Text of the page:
1. Risk of loss of protection for intellectual property rights - At present, a registered trade mark - EUTM (formerly a CTM), design - RCD, or a Geographic Indication can be protected with a single application in all EU Member States. There is a risk that, with the UK outside this EU regime, these intellectual property rights would no longer be afforded EU wide protection and application would have to be made for protection in the UK alone. It may become necessary for firms or individuals to apply to register new rights separately in the UK or to convert those rights. In addition there is also an unregistered design right which lasts for three years throughout the EU which would presumably no longer apply. Increased harmonisation of copyright laws has also been proposed EU wide, in which the UK would no longer participate if it leaves the EU. Furthermore, judgments of the EU Court of Justice would no longer be binding in the UK, nor would pan-EU injunctions, which may lead to an increase in the cost of enforcement of rights since separate proceedings would have to be taken in the UK.
  2. Risk of differing frameworks for patent protection - The EU in recent years has been working towards a Unitary Patent System with a Unified Patent Court. Only EU Member States are entitled to sign up to this system, meaning that patents may continue to require a separate UK registration to ensure protection in the UK, rather than having the option of a unitary patent under the new system.
  3. Risk of uncertainty concerning the transfer of data between Ireland and the UK - There is a risk that a legal transfer of data to the UK under EU rules could no longer be carried out following a Brexit under current rules. Cross-border transfer of data issues would arise, as they have done with the US, and it may be necessary to put agreements in place to ensure that the UK has an adequate data protection regime to protect the personal data of EU citizens.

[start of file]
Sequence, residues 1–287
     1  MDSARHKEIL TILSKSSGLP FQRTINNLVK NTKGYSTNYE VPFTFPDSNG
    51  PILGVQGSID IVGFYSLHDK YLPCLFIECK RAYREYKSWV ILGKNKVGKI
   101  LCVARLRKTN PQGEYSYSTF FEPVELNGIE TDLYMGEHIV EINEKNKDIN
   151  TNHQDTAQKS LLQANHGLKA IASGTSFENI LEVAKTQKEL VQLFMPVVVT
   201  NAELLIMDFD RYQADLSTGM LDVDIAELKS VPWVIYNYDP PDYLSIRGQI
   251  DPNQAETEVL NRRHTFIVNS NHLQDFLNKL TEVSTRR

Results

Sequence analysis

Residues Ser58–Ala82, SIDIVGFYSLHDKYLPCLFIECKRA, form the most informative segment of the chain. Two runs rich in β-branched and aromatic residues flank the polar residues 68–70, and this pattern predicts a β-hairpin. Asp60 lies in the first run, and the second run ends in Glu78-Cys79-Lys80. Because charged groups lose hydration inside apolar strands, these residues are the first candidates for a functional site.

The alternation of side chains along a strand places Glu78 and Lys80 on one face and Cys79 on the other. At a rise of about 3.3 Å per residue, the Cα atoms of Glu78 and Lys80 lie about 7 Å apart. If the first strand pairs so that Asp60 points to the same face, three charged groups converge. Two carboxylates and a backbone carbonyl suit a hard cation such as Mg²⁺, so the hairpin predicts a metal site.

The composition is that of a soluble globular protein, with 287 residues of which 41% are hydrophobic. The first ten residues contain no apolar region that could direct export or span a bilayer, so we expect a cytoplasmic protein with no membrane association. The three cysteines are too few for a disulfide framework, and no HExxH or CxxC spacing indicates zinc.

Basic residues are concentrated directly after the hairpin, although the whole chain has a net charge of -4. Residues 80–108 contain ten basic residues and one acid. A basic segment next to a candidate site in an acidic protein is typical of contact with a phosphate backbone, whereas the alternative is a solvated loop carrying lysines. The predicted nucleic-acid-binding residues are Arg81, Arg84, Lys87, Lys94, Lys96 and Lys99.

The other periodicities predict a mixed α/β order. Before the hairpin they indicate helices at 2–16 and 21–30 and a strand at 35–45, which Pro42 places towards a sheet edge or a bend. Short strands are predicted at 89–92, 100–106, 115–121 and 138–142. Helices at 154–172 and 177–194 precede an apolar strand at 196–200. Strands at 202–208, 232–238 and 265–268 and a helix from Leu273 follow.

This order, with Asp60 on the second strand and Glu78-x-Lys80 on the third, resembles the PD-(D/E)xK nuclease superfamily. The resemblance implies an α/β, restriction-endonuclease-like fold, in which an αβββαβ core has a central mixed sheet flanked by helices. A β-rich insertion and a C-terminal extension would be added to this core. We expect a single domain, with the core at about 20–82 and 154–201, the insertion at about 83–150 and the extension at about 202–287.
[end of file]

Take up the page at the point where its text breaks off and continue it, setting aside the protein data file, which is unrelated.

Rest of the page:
4. Risk of divergence in data protection regimes - The recently agreed General Data Protection Regulation which will apply from 25 May 2018 will not apply in the UK if it leaves the EU before that date. This could result in a divergence in data protection rules between the UK and the EU. Companies with operations in Ireland and the UK would then be subject to two different data protection regimes, which would likely increase the costs associated with data protection compliance.
  5. Risk of businesses relocating to UK - Following Brexit, the UK would be in a position to adopt a more business friendly data protection regime than in EU Member States. This could result in certain companies relocating to the UK to avail of the more favourable regime, reducing the attractiveness of Ireland as a European base for overseas companies.